The GOP’s war on climate change

Critics note the Republican agenda is paved with bad intentions especially when it comes to climate change, which is a growing global concern and a real issue the GOP continues to deny.

Now, reported Triple Pundit, as the concerned (and sensible) portion of America – including the working class – debates the issue with the radical Right, a new book has linked climate change with violence and conflict.

Tropic of Chaos, by Christian Parenti, poses the theory that climate change is causing violence around the world right now, particularly in the Southern parts of the world. The book ultimately suggests the best way to deal with ongoing global violence is to save the world’s natural environment.

As progressives campaign to address global warming, their efforts may not bode well as the Right Wing continues to stirr up conflict on the issue. They have deliberately, strategically, turned a collective blind eye to climate change as a whole. And for GOP presidential hopefuls, the idea of even acknowledging climate change is tantamount to becoming political cannon fodder. This is evident by the fact that when even someone like GOP presidential candidate Mitt Romney had enough sense to address the topic, other Republicans attacked him, and it ultimately did nothing to strengthen his agenda.

But the next logical question one might ask is, what can be done to remedy the issue?

According to the report, Parenti maintained that the problem was going to stick around for a while. “Get used to it,” he said. “Food, weather, upheaval, and war – these are likely to be the [news] headlines not only for decades to come, but tied together in all sorts of complicated and unsettling ways.”

Parenti went down the list of current environmental dilemmas: “Extreme weather and increasingly severe droughts, whether in Texas, China, or Somalia; crops burned to a frizzle; starving people desperately on the move; incipient resource wars; and a world in which the basics of everyday life are increasingly beyond the buying power of tens of millions of the poor – that’s a recipe for our future. Unfortunately, it’s also increasingly the present, as grain crops fail in various global breadbaskets and food prices soar.”

Parenti may actually be more optimistic than he sounds, because he also mentions that we should strive not only to be more environmentally conscious, but that we should – and can – learn to live within the limits of the planet.

It would seem that Republicans have not yet learned to do this – that is, if one were to look at offshire oil drilling, fracking, and negligence in preventing wildfires for reference.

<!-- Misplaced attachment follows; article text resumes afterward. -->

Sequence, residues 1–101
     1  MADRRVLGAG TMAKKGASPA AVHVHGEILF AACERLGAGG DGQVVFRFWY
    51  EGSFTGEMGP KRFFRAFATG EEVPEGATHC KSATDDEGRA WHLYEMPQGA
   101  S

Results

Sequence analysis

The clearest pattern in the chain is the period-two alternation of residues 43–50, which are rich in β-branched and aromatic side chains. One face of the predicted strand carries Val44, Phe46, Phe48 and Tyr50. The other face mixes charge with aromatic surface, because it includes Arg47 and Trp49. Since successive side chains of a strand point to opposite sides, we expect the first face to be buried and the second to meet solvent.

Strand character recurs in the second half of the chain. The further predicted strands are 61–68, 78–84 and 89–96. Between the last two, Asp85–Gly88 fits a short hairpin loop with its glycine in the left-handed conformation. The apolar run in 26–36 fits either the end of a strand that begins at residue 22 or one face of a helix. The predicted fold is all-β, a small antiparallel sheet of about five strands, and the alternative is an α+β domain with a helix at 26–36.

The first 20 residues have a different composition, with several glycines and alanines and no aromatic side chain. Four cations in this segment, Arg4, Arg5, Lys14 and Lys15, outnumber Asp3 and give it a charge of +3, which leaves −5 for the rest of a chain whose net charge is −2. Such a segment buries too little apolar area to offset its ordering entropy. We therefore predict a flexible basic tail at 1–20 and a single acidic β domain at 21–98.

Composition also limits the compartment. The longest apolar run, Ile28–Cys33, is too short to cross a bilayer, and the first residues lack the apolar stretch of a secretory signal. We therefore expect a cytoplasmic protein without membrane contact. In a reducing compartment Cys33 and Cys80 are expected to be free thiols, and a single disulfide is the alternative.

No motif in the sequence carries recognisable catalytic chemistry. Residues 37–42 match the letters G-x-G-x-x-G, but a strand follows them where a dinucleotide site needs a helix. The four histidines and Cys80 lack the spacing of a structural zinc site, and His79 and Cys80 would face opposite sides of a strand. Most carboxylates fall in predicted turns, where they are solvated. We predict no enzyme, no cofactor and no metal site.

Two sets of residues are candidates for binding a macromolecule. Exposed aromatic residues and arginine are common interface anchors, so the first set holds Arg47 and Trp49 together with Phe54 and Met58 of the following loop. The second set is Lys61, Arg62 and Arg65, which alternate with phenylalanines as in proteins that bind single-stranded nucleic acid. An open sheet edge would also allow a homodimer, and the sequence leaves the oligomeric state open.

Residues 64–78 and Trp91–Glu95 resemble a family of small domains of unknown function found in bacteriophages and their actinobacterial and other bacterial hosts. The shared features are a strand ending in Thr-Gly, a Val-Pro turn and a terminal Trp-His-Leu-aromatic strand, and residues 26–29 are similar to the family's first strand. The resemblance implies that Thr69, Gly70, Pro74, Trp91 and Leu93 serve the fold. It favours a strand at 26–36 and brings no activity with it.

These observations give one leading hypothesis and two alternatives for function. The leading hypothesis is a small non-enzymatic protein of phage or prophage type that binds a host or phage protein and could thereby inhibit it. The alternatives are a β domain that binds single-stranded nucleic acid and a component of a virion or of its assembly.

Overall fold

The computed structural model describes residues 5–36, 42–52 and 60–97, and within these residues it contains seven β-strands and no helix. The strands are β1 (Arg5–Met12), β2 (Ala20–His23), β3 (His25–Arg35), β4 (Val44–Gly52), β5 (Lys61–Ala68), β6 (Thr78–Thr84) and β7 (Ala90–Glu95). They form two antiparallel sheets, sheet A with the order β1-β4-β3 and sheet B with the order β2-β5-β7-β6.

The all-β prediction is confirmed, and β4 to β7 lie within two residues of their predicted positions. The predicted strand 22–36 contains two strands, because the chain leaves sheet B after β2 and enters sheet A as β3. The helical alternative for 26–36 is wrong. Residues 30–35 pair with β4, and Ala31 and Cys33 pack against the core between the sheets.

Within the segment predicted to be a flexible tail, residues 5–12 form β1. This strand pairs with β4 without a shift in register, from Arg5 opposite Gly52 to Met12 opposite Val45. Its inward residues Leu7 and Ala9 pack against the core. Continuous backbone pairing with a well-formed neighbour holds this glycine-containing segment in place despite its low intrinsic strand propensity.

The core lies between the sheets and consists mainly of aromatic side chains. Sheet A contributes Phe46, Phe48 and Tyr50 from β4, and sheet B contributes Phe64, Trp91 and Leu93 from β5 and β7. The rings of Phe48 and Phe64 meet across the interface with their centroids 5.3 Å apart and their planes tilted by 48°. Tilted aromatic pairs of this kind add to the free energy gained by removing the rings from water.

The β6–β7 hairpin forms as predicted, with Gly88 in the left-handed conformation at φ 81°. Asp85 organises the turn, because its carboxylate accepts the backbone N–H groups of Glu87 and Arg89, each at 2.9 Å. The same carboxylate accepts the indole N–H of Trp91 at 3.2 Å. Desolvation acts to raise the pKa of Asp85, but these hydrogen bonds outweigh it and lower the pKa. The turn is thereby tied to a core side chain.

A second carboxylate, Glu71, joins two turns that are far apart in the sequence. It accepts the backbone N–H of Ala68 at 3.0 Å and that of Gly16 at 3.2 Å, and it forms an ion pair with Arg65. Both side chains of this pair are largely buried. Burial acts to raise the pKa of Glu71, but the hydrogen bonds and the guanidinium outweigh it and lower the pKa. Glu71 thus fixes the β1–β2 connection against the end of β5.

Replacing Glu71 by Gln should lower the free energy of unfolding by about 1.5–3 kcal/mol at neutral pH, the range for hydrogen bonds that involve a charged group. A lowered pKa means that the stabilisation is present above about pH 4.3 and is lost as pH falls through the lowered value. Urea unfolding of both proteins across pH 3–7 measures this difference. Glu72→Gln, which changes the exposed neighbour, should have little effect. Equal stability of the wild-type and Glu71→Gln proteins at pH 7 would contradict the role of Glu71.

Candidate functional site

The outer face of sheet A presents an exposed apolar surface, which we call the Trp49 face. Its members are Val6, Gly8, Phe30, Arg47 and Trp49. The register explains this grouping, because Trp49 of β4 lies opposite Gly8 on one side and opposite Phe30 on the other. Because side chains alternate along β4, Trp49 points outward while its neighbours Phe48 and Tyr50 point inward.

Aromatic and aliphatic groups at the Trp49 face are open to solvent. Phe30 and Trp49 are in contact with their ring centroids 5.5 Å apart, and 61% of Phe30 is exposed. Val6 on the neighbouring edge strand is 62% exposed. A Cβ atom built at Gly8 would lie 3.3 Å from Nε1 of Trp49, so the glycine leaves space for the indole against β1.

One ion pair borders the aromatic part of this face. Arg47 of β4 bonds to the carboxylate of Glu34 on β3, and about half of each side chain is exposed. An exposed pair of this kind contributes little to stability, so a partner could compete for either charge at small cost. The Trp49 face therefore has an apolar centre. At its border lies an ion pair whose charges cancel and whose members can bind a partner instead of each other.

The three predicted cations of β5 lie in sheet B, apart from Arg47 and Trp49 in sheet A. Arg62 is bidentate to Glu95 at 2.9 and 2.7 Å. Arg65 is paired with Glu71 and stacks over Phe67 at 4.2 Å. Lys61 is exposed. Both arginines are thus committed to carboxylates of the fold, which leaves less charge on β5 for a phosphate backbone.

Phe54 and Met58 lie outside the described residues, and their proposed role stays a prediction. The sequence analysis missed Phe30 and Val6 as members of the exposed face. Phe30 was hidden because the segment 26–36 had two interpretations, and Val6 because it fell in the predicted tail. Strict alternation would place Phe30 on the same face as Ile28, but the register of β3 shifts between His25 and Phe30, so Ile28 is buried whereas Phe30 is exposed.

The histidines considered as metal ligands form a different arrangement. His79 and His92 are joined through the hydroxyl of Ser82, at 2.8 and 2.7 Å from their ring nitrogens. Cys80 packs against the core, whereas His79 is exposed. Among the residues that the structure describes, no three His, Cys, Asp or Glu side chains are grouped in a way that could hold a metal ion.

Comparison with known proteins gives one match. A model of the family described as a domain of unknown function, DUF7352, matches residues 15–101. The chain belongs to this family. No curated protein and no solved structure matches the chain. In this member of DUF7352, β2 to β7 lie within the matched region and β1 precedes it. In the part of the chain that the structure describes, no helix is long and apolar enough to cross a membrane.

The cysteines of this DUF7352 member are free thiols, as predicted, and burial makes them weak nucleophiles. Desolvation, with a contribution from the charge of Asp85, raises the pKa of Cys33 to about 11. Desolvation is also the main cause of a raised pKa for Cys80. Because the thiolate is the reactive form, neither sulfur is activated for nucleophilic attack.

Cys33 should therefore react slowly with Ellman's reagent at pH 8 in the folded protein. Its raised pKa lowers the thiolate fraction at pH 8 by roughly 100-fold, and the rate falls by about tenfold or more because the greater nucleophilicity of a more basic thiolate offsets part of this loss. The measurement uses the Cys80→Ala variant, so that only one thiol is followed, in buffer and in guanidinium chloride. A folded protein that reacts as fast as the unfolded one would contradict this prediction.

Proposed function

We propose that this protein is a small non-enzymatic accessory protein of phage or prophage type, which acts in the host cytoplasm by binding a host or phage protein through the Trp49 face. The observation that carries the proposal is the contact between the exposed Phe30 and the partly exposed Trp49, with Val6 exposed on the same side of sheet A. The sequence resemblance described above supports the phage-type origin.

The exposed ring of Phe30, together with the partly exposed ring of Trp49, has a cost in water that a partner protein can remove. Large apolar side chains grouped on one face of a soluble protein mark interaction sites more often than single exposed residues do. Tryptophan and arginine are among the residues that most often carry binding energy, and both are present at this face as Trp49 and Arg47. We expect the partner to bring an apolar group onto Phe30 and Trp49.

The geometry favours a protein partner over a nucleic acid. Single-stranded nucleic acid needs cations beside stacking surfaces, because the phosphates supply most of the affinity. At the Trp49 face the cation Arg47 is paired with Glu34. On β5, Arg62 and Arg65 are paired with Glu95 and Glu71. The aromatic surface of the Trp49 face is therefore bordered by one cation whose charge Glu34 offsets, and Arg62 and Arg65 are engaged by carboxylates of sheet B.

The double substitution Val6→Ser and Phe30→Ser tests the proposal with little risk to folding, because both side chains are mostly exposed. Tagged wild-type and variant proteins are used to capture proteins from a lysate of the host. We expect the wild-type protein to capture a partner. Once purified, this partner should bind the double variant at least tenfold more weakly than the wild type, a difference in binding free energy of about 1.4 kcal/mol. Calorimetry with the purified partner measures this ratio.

In a study for Grist, writer David Roberts analyzed why right-wing politicians, particularly, as he put it, “conservative white men,” seem to be against anything that is even remotely environmentally conscious.

“The most significant force behind climate change denial” for conservatives, he said, “is not any ineffable psychological mystery, but simply the increasing intensity and radicalization of the American conservative movement. The same dynamic afflicting climate change is afflicting the debate over fiscal policy, the economy, jobs, and health care. The Right is rejecting empirical reality and adopting a stance of unshakeable ideological opposition to anything the non-Right does. Loyalty to tribe and hostility to outsiders is at the core of the [right-wing] perspective.”

With the 2012 election coming up, Republicans are hitting the campaign trail. There is an ongoing drive among the Right Wing to push environmental concerns aside, and if the GOP is behind the wheel, progressive America does not want to be the deer caught in the headlights.

In an era where politicians – and morals – crossroad, it’s time to take a sharp Left turn and stop ignoring climate change

Photo: A sign held by a demonstrator for recognition of climate change on Parliament Hill, proving that the environment is of international concern. Pawel Dwulit/AP Photos, Canadian Press.



Blake Skylar
Blake Skylar

Blake writes on environment and culture. He has covered issues including the BP oil spill and the UN Climate Conference in Paris. In 2015, he received an award from the Illinois Woman's Press Association for his coverage of the People's Climate March in New York. As production manager, he is also responsible for the daily assembly of the PW home page.

He grew up in Garfield, New Jersey. He likes cats, wine, good books, music, and nature - especially long hikes in the woods. He currently lives in Chicago. He writes a blog that can be found at